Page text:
Students rally, protest

Sen. Mitch McConnell was greeted by more than just university staff when he visited campus Jan. 16 – several students had also showed up to protest the Iraq war.

McConnell, who has consistently voted in favor of the war, stopped by Northern Kentucky University to hand over more than $816,000 he had secured for a College of Informatics program and the Infrastructure Management Institute.

According to junior political science major and protester Dennis Chaney, the issue wasn’t the new funding NKU was receiving, but how much more NKU could receive if America wasn’t in Iraq.

“The amount he brought here was three minutes of the Iraq war,” Chaney said. He had begun organizing the protest around nine the night before after seeing a news release on NKU’s homepage.

The protestors weren’t permitted to enter the Welcome Center room where McConnell spoke. Instead, they stood in the hallway, holding signs demanding an exit from Iraq.

Student Government President Alyse Bender and Senator Mike Tobergta both said it seemed like a good compromise that allowed McConnell to both deliver his speech and hear the protesters’ message.

“We couldn’t have people shouting,” Bender said.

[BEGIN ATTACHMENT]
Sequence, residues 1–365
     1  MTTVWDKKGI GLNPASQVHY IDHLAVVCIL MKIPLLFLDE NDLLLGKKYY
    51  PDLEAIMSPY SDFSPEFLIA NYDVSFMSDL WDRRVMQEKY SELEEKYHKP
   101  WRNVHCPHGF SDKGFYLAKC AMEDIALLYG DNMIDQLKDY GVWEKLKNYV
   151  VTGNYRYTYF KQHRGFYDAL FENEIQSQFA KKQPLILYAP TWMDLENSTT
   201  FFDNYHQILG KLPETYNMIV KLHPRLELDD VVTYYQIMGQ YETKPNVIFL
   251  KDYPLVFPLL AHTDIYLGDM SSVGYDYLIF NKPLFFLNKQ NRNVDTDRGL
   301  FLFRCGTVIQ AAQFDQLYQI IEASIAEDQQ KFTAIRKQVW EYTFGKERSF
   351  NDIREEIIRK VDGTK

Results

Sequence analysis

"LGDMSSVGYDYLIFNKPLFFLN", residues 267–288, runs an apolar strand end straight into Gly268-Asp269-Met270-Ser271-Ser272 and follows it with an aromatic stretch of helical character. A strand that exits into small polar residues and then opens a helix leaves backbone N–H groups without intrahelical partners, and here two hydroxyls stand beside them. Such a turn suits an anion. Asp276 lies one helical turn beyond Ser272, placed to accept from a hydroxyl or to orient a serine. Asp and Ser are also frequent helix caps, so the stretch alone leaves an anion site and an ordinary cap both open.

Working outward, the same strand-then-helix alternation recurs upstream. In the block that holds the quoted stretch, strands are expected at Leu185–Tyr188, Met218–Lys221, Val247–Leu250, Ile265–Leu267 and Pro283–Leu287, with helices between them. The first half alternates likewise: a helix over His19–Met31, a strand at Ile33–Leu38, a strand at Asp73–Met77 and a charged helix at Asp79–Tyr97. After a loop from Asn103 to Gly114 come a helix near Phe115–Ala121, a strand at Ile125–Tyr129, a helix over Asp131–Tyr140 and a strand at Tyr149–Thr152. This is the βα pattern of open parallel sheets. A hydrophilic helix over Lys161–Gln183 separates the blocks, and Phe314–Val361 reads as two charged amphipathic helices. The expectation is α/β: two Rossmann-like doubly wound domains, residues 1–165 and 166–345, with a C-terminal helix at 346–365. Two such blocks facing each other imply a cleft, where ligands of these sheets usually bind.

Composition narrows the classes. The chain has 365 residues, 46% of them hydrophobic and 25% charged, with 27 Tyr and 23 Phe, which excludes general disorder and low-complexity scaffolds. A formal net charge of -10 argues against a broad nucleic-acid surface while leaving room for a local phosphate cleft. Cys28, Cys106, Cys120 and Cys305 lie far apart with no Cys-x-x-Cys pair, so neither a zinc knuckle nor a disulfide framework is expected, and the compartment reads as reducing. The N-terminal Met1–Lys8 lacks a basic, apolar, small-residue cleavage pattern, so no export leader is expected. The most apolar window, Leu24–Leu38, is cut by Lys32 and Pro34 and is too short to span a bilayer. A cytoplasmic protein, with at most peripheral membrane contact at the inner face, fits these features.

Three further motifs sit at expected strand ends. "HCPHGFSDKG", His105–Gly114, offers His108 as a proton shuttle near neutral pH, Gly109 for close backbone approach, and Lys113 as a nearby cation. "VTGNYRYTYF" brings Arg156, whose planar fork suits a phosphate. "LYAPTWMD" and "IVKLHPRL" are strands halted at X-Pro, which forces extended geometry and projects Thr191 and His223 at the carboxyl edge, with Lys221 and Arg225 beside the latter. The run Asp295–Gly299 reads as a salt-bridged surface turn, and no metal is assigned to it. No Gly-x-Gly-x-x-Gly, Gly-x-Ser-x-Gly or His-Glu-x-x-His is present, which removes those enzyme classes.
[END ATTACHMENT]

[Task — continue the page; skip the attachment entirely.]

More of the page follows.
University President James Votruba noted that McConnell’s security was another concern.

“These could be students protesting or they could want to get more aggressive,” he said. “You never know.”

Nevertheless, he approved of how University Police handled the situation, and complimented the protesting students.

“Universities have always been where young people protest,” he said. “I’m glad to see students engaged.”

McConnell did not confront the protestors and Votruba said he understood why.

“That would not have been a conversation,” he said. “That was a protest.”

The money McConnell obtained for NKU will fund an Informatics project to enhance internet security, specifically intrusion detection. McConnell said that the project will help bolster jobs and businesses in the region.

The funds will also finance the Infrastructure Management Institute, which seeks to create more high-tech jobs and encourage internet entrepreneurs in the Northern Kentucky area.

“These marvelous businesses can go somewhere else or we can bring them here,” McConnell said, noting the need for more high-tech specialists proficient in math and science.

Votruba praised McConnell’s leadership in helping NKU target the e-market, noting that without the funds, NKU wouldn’t have been able to create the programs.

“We all know there’s no aspect in the humanities, sciences or arts not touched by digital technology,” he said.

The money, however, will not help NKU face down the $1.6 million it is losing from Kentucky’s legislature.

Nevertheless, Votruba said without McConnell’s aid in getting federal grants, the programs would not have been possible.